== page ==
Since being pro-Israel these days requires a degree of moral courage, they simply stamp their feet with childish impatience at the willingness of Israelis to stand up for themselves. While Israel will continue to struggle with a difficult security situation and a flawed political system, the unwillingness of liberals like Remnick to stick with it says far more about them than it does about the Jewish state.
Also arguing for the defense: neoconservative writer and scholar Ron Radosh, who posted a piece December 28 on PajamasMedia.com titled “David Remnick Joins the Israel Haters and the Leftist British Intellectuals.” It’s a slashing attack that takes us back to the old New York Intellectuals, the former Trotskyites who gathered around Partisan Review and the early Commentary, and compares Remnick to them unfavorably. “All of them were giants,” he writes. “Today, when one speaks of New York intellectuals, they are talking primarily about a group of high priced and fairly well to do writers” who write for The New York Review of Books and The New Yorker and “get high salaries, many perks and have great influence on the culture at large.” Remnick even has “a daily limo service” to and from work. (Q: When do you know a neoconservative has come unglued? A: When he starts attacking executives over inflated compensation packages.) By the way, the Yediot interviewer reports specifically that Remnick commutes to work by subway.
Remnick used to be good writer, Radosh says, back when he was “a top rated Moscow correspondent for The Washington Post, and author of an excellent book, Lenin’s Tomb: The Last Days of the Soviet Empire.” But then he went bad. First he wrote a biography of Obama that didn’t trash him. Radosh wrote several columns pointing out the errors, but Remnick wouldn’t listen. “And finally, last March, I chastised Remnick for joining in the MSM’s new round of attacks on Israel.” Still, Radosh writes, “nothing prepared me for what is perhaps Remnick’s most hostile and vicious attack on Israel.” That would be the Yediot interview.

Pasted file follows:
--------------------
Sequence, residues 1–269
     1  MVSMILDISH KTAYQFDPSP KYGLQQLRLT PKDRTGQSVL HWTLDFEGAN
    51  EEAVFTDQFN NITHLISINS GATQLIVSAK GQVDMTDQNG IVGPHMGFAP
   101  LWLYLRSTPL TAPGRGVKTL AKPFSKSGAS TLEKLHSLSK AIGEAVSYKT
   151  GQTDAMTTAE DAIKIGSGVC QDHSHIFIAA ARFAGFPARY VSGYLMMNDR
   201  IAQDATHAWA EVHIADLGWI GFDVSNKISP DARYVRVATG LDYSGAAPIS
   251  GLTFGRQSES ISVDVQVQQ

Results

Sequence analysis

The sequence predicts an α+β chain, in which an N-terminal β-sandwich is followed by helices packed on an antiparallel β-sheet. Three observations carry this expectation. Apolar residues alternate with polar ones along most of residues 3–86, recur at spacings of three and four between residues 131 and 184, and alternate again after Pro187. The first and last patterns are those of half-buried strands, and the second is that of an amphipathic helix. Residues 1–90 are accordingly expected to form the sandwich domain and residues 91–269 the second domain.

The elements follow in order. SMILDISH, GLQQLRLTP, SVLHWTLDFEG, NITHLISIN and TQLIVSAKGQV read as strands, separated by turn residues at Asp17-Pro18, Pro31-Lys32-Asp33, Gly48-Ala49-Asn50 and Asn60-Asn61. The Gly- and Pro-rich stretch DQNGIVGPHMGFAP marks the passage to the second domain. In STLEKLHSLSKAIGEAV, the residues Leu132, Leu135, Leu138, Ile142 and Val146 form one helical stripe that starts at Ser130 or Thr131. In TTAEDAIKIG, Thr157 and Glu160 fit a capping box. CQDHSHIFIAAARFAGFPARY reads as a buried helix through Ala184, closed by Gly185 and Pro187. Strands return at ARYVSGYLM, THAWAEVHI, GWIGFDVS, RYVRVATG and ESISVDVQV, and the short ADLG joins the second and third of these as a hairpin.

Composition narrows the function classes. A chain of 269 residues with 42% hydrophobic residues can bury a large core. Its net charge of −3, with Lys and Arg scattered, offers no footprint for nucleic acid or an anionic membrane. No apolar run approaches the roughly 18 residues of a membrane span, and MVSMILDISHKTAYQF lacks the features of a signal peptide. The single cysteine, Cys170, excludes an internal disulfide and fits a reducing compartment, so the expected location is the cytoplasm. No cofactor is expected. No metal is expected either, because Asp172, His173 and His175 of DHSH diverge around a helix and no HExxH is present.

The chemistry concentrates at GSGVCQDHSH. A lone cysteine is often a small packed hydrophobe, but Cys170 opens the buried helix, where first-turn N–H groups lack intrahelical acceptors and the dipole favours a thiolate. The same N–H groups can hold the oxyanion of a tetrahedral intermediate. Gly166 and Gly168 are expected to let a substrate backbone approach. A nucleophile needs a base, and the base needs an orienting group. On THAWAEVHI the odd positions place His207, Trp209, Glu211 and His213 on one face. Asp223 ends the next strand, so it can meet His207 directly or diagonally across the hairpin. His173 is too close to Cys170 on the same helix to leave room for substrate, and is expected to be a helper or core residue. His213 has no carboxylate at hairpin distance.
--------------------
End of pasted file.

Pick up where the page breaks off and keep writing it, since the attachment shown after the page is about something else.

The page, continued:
“Remnick’s arrogance and hostility to Israel has never been made more apparent,” Radosh writes, speaking with some authority as someone who knows a thing or two about arrogance. But why should Israel’s leaders listen to him? (To Remnick, that is, though it could be said at least as easily about Radosh.)
What chutzpah! Does Remnick really think they care one bit? Does he really think its leaders will start putting defense of their nation against Arab aggression on the back-burner, just to placate Remnick by coming up with another meaningless start-up of the so-called Oslo “peace process”?
For the record, there’s a similar debate going on in Israel. A growing number of high-profile intellectuals are openly fretting that Israel is turning its back on democracy, pointing to the rabbis’ letter on selling homes to Arabs, the legislation permitting housing discrimination by local authorities, the protests against African refugees and more. But that deserves a blog post of its own. Coming soon.